The thinnest practical wall you can print, (with Skeinforge at least), is two extrusion widths wide. Any bigger leaves a gap, until you get to three extrusions wide, and then you get infill in between them.
If the wall is exactly two extrusions wide then they only touch
tangentially and have a weak bond because the edges of the filament are
I discovered that if you make a wall even thinner then Skeinforge still lays down two paths equal to the extrusion width but places them closer together. This is because it always offsets inwards by half the extrusion width, even if the resulting paths overlap. I found I can make use of this to squash the plastic together, making a stronger wall with less voids.
An optimum amount of squeeze is to place the nozzle aperture just free of the flat part of the first path when extruding the second. The width to make this happen is $extrusion\_width - layer\_height / 2 + nozzle\_aperture / 2 + extrusion\_width / 2$.
Of course, despite what Skeinforge thinks, the plastic volume can't overlap, so regardless of where the nozzle is the minimum width the wall can be is $2 * extrusion\_width - layer\_height * (1 - π/4)$ due to the volume of plastic extruded, i.e. if it manages to completely fill the voids. This is shown below: -
The grey area is where the edge would have been with the wall two extrusion widths wide. There isn't much difference, and depending on the viscosity of the plastic, the real width should be somewhere in between. But the big difference is the walls are strongly fused together. The top void should be completely filled because it is right under the nozzle, leading to a smoother top surface. And the bottom void has more chance of being filled due to the back pressure caused by the filament having to flow more to the right.
To put some numbers to the diagrams, these have been drawn to scale for 0.25mm layer height and 0.5mm extrusion width, 0.4mm nozzle. The requested wall width is 0.825mm but the volume of plastic means it must be at least 0.946mm, only 0.054mm less than the original 1mm wall.
I made a test script that makes a box with two 1mm walls and two 0.825mm walls.
Here is a corner of the box under a microscope. The wall on the left is seamlessly fused and the wall on the right clearly has a void.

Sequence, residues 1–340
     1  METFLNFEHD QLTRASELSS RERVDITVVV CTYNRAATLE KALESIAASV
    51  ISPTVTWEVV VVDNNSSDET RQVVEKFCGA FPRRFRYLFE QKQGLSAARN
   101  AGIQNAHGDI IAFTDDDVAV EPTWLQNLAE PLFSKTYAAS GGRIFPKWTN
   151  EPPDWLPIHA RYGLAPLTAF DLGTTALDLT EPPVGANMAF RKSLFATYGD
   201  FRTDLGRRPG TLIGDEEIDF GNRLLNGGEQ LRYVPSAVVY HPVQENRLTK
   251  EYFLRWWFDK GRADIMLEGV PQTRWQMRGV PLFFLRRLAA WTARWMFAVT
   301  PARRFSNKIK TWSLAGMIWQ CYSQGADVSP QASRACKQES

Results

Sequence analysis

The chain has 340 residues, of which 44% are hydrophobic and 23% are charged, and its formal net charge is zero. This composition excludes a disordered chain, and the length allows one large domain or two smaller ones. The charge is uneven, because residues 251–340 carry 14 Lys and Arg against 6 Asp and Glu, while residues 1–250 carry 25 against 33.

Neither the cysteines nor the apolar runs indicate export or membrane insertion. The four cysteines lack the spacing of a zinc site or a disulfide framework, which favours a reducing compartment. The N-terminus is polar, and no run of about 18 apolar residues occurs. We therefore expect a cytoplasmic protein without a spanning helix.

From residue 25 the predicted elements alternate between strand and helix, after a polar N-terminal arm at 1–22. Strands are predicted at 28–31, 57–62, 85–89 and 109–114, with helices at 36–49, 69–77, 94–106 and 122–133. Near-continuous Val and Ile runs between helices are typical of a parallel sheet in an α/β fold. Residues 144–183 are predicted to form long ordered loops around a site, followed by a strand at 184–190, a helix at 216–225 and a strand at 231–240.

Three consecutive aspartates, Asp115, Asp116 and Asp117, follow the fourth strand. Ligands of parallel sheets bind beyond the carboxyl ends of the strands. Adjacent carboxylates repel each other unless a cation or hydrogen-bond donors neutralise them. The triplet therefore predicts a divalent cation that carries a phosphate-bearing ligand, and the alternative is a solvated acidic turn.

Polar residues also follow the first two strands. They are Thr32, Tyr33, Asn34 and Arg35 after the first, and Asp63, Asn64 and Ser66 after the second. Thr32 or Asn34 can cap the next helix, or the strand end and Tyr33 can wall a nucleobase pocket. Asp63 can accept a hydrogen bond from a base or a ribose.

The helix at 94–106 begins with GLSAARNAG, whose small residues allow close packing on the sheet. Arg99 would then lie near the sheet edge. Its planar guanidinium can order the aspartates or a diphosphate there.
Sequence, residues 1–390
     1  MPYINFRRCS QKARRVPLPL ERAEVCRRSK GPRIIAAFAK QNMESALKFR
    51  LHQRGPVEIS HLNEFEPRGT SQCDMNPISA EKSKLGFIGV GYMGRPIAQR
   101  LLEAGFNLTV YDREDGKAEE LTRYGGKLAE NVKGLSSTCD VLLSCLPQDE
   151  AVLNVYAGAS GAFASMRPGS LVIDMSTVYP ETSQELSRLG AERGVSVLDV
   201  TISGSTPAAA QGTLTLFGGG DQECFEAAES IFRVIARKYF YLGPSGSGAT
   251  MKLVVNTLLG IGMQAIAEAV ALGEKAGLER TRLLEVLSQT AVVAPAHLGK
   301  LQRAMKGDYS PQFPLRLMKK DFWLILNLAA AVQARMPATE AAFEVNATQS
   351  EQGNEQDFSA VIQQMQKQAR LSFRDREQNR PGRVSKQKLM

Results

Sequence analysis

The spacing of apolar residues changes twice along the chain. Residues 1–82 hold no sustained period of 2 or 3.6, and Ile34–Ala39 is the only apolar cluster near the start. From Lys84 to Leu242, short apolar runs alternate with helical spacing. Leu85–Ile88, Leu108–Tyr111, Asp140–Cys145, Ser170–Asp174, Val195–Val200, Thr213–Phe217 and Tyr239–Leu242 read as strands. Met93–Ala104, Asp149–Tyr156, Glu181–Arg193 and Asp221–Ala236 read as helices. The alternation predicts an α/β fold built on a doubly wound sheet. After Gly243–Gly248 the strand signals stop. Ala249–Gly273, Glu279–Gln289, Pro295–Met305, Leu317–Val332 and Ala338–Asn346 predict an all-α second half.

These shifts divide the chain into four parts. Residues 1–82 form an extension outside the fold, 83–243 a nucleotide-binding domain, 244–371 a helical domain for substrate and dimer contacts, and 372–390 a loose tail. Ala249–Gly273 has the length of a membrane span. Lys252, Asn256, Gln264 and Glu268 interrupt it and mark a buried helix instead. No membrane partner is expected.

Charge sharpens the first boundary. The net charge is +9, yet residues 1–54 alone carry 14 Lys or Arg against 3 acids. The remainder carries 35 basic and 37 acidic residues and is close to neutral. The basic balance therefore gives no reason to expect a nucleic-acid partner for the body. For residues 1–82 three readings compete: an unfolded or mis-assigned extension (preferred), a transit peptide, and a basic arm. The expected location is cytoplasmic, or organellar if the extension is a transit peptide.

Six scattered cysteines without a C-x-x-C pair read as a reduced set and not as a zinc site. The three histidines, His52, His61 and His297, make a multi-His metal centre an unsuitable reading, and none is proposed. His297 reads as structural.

The wall comes out a bit thinner than the theory predicts, I am not sure why, maybe the increased pressure causes the plastic to feed a bit slower.
I used this technique to make the Mendel90 fan guards a lot stronger part way through production because I had some fall apart one day when my filament was a bit undersized.
It would be nice if the slicer could do this automatically, so you can keep a 1mm wall in the design, but it would make it by extruding one side of the wall as normal but the other side it would offset the nozzle to fill the voids and then extrude a little more plastic to make it still 1mm thick.
In fact it should really do this anytime it is extruding against another extrusion path. E.g. when doing multiple outlines and when doing infill. I.e. the only time the tool path of the nozzle should be down the centre of the extrusion path is when there is nothing either side, or it is enclosed on both sides. And in each of these three cases a slightly different flow rate would be needed to get the new exposed edge in the correct place.
Glad to see you're posting again. I've always followed your blog in the shadows but it's time to lay down a msg to let you know that you're an inspiration to me, I love your methodic approach to solve problems, and I hope some day to be at least half as good as you as engineer.ReplyDelete
I'm the owner of a self sourced mendel90, that was the only printer I didn't dismantle to take parts because is one of the sturdiest and most reliable printers I own.
Sorry about my english.
Cheers from Argentina!!
Thanks, glad you like the Mendel90 design.Delete